Long Interspersed Nuclear Element-1 (LINE-1, L1) is the only autonomous active transposable element in the human genome. The L1-encoded proteins ORF1p and ORF2p enable the element to jump from one locus to another via a “copy-and-paste” mechanism. ORF1p is an RNA-binding protein, and ORF2p has endonuclease and reverse transcriptase activities. The huge number of truncated L1 remnants in the human genome suggests that the host has likely evolved mechanisms to prevent full L1 replication, and thereby decrease the proliferation of active elements and reduce the mutagenic potential of L1. In turn, L1 appears to have a minimized length to increase the probability of successful full-length replication. This streamlining would be expected to lead to high information density. Here, we describe the construction and initial characterization of a library of 538 consecutive trialanine substitutions that scan along ORF1p and ORF2p to identify functionally important regions. In accordance with the streamlining hypothesis, retrotransposition was overall very sensitive to mutations in ORF1p and ORF2p; only 16% of trialanine mutants retained near-wild-type (WT) activity. All ORF1p mutants formed near-WT levels of mRNA transcripts and 75% formed near-WT levels of protein. Two ORF1p mutants presented a unique nucleolar-relocalization phenotype. Regions of ORF2p that are sensitive to mutagenesis but lack phylogenetic conservation were also identified. We provide comprehensive information on the regions most critical to retrotransposition. This resource will guide future studies of intermolecular interactions that form with RNA, proteins, and target DNA throughout the L1 life cycle.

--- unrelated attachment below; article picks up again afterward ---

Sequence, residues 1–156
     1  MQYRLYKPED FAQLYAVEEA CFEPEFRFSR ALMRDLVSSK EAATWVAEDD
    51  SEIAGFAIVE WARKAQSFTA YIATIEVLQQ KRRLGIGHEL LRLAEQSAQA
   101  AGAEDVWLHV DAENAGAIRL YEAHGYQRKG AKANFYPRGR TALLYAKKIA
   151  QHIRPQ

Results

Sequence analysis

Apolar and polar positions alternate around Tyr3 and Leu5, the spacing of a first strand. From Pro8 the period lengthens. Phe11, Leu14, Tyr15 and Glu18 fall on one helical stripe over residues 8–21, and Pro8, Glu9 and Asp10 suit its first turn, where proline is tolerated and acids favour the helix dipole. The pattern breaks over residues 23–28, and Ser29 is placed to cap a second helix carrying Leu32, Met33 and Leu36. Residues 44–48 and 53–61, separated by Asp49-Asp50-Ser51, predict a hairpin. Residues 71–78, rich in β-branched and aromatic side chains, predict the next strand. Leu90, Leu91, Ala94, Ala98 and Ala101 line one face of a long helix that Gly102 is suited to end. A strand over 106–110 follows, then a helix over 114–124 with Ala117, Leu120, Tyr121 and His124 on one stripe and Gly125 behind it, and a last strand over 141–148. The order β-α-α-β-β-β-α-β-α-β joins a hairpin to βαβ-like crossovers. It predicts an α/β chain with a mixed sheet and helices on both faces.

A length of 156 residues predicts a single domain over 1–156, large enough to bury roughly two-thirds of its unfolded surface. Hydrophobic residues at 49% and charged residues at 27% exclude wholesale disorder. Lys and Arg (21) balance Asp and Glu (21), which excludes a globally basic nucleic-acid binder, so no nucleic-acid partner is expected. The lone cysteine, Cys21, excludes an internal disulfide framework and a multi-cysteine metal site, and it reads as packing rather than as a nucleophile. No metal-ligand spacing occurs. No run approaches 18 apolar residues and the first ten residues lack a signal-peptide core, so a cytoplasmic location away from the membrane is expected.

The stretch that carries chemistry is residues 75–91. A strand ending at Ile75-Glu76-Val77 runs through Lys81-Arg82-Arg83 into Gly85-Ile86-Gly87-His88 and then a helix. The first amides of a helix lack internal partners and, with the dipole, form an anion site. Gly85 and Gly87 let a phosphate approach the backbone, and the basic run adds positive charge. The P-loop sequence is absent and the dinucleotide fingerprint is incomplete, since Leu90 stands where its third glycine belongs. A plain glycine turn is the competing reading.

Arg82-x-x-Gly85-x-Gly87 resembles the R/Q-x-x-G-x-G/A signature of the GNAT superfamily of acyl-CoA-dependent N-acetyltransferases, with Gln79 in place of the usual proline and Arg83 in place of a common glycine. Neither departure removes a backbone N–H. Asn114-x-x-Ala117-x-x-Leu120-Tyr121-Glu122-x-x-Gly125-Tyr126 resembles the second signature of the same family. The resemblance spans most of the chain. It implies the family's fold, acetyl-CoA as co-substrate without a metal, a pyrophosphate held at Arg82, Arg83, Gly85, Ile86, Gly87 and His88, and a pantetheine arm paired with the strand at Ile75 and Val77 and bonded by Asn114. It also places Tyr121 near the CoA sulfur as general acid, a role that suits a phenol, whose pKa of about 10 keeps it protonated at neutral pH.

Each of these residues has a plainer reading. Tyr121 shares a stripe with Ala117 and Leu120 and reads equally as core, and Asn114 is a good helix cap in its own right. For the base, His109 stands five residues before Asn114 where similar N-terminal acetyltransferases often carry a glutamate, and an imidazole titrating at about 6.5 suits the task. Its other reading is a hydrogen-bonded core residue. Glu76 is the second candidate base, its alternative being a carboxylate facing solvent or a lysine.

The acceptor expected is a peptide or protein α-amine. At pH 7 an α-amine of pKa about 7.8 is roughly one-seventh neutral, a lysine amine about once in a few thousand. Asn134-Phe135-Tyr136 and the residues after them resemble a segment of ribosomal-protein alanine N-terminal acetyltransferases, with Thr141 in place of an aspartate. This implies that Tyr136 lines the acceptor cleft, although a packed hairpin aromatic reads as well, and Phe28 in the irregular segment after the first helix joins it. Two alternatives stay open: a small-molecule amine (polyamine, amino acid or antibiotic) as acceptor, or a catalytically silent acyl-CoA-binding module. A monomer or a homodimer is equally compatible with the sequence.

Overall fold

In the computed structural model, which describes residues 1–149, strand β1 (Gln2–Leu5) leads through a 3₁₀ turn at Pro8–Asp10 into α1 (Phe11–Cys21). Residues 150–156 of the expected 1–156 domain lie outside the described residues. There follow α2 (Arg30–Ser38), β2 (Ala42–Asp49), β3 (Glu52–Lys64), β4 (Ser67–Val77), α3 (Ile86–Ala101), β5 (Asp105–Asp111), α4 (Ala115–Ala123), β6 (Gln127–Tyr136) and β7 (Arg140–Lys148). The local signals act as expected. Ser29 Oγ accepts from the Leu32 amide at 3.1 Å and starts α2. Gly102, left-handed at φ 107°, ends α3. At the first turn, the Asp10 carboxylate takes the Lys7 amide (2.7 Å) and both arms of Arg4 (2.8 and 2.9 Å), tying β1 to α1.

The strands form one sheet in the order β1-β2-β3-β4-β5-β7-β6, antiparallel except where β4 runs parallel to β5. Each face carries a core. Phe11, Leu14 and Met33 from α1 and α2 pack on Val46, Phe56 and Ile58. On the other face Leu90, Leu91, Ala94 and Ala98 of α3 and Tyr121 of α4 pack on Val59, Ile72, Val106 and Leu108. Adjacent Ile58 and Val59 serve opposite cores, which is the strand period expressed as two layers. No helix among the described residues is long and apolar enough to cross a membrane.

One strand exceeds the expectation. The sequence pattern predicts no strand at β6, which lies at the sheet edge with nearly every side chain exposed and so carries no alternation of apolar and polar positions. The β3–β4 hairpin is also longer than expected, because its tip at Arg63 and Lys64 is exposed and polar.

- Scanning mutagenesis
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